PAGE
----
North Shore musher gives insider's look at her athletes on the gangline
Jan 05, 2018 04:19AM ● Published by Editor
TWO HARBORS, MINN. – Selecting the sled dogs who will run the trail or ride the bench on race day is mostly about strength, speed, appetite and experience. According to veteran Minnesota musher Colleen Wallin, sometimes it’s meticulous observation. Other times, it’s a crapshoot.
“It’s kind of like a Rubik’s Cube. You keep shuffling it around, but never really solve it,” she said.
Wallin, 55, and her husband, Ward, own Silver Creek Sled Dogs in Two Harbors. Both are seasoned mushers and have run the acclaimed John Beargrease Sled Dog Marathon along the North Shore many times. She finished third in 2015 and has placed no lower than sixth since 2009. Over time, she has developed — and continually shuffles — her depth chart of Alaskan huskies, those with choice on-trail abilities.
“I’m always watching tug lines. If it’s tight, that’s awesome. That means the dog is working hard,” Wallin said. “Then [we] get back to the yard after a training run and if they eat, that’s even better.”
Wallin emphasized the importance of calories and hydration for dogs during a race. She stops the team every hour on-trail to give each member a chunk of meat or fish. “They’ve got to take their snacks just to feed that furnace,” Wallin said.
Her front-line criterion includes healthy feet. If she notices that a naturally hard puller is backing off during a run, she immediately stops and checks the huskie’s feet. “When you spend so much time behind the team, you’re really in tune to how they move,” she said.
John Beargrease Sled Dog Marathon
What: The longest sled dog race (at nearly 400 miles) in the Lower 48 states. This is its 34th year.
When: Jan. 28-31
Where: Starts north of Two Harbors, turns around in Grand Portage, finishes in Duluth.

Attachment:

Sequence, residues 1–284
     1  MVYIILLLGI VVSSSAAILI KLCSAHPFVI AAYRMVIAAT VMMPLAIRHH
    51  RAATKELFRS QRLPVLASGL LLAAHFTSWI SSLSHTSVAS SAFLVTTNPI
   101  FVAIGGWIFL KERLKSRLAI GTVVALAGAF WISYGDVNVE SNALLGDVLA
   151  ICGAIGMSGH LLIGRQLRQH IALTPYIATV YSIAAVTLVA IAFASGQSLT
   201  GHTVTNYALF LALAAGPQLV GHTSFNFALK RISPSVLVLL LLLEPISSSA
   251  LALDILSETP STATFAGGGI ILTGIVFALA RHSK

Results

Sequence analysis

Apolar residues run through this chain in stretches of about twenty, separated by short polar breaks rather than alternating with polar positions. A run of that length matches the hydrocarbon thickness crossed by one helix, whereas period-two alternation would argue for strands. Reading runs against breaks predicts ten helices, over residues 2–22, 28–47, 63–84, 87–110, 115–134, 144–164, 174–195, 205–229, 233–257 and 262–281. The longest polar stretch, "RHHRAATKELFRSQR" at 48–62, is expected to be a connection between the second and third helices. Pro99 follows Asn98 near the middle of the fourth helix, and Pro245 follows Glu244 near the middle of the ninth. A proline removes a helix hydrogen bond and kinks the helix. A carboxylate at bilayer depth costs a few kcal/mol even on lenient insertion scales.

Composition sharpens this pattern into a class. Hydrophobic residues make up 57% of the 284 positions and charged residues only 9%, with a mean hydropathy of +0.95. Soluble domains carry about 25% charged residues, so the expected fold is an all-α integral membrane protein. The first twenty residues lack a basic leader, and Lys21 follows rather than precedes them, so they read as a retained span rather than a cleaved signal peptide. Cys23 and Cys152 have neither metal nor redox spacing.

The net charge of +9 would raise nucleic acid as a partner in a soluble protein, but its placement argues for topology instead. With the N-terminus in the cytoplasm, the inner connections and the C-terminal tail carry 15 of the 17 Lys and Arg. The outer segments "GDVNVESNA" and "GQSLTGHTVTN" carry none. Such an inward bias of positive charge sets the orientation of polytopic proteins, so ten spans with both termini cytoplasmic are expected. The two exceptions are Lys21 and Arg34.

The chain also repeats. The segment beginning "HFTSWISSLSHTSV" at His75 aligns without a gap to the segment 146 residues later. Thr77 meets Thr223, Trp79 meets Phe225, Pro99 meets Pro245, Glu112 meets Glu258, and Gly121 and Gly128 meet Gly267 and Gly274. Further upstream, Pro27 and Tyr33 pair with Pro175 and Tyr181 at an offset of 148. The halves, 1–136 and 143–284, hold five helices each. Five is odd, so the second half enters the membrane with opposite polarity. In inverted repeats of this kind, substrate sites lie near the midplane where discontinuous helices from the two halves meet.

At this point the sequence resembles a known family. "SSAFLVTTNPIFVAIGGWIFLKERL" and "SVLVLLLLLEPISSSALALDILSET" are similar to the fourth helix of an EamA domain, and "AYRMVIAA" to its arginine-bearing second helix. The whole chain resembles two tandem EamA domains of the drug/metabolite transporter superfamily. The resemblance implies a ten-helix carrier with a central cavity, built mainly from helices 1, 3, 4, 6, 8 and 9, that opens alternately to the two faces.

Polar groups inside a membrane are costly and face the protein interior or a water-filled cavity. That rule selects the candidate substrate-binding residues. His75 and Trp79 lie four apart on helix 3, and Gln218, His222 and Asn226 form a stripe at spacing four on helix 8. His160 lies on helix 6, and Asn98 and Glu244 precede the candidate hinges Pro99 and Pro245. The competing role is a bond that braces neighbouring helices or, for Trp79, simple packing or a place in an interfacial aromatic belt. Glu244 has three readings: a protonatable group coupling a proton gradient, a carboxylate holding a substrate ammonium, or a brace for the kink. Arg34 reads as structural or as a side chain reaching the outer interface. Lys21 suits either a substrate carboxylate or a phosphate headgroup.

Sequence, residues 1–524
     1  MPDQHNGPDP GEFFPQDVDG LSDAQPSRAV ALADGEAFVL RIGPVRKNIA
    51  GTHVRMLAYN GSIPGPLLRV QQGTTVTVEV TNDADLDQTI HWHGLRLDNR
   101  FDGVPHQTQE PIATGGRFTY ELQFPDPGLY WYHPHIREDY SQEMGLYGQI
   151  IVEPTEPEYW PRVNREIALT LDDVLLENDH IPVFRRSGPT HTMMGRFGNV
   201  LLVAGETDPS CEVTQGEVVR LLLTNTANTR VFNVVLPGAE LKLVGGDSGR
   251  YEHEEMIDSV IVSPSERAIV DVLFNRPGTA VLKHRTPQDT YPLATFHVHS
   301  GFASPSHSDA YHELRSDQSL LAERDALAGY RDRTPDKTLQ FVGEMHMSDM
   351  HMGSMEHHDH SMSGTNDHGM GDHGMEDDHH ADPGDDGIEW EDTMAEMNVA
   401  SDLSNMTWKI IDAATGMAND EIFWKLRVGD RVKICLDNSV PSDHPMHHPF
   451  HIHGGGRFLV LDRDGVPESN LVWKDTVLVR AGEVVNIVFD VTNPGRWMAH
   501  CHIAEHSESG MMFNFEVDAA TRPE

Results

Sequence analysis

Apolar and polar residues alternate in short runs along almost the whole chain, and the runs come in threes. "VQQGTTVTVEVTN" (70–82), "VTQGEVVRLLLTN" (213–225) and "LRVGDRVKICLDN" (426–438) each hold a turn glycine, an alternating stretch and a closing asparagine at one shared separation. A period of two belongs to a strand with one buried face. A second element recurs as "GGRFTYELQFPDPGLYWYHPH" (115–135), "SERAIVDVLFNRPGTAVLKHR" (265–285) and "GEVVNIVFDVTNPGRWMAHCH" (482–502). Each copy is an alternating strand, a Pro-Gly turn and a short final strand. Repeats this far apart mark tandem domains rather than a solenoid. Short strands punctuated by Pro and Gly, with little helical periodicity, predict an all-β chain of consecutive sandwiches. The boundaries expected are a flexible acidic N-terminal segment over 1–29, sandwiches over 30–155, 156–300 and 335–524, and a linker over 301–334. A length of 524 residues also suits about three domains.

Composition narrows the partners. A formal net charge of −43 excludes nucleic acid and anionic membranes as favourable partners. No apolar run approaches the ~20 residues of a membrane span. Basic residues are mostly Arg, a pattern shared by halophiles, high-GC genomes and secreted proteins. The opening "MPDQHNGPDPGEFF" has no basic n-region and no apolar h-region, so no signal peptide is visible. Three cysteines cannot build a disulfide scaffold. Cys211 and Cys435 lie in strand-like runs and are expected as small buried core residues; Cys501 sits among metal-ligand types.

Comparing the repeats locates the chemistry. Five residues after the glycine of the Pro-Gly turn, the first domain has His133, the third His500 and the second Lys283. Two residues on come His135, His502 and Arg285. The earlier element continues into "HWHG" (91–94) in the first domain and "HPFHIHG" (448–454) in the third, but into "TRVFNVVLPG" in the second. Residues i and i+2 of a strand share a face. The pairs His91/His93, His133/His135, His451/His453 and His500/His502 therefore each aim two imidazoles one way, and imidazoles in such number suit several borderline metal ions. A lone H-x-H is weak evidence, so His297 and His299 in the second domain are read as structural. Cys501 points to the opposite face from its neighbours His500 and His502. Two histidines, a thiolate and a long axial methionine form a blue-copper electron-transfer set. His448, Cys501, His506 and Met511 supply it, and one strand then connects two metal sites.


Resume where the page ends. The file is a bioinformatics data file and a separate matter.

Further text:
Details: As many as 60 mushers in the field.
Beyond determining who goes on-trail, Wallin strategizes about where to position those dogs on the gangline, the main cable from the sled to the lead dogs. Each dog has a harness that connects to the gangline, with a tug line at the rear and often a neck line at the front.
“I’ll use really experienced leaders at the start of a race,” she said. “They all know it’s race time, but the older dogs really know what’s going on.”
She pointed out that potential lead dogs seem to show their stuff early in life. She trains 2-year-olds with experienced leaders.
“If [the younger dogs] don’t look back, they kind of tell the story,” she said. “If they look around, or don’t pull, or goof [and] sniff around, then maybe that dog isn’t going to be a leader.”
Point dogs are directly behind the leaders. For Wallin, point dogs are also in training to perhaps lead someday. “They’re [hearing] the commands. They kind of learn them without having to teach too hard,” she said.
“Wheel dogs” — those directly in front of the sled — are at the other end of the gangline. They tend to be the largest and strongest dogs, especially for the start of a race. “If there’s a certain amount of pounding or movement on the sled, I think the wheel dogs feel it most,” Wallin said.
“Team dogs” include everybody between point and wheel. Wallin said she positions smaller dogs closer to the front because it’s easier on their bodies.
Lots of factors
For Wallin, swapping dog positions during a race is like rotating tires on a car. It offers the dogs a chance to rest. She also prefers to run them equally on both sides of the gangline.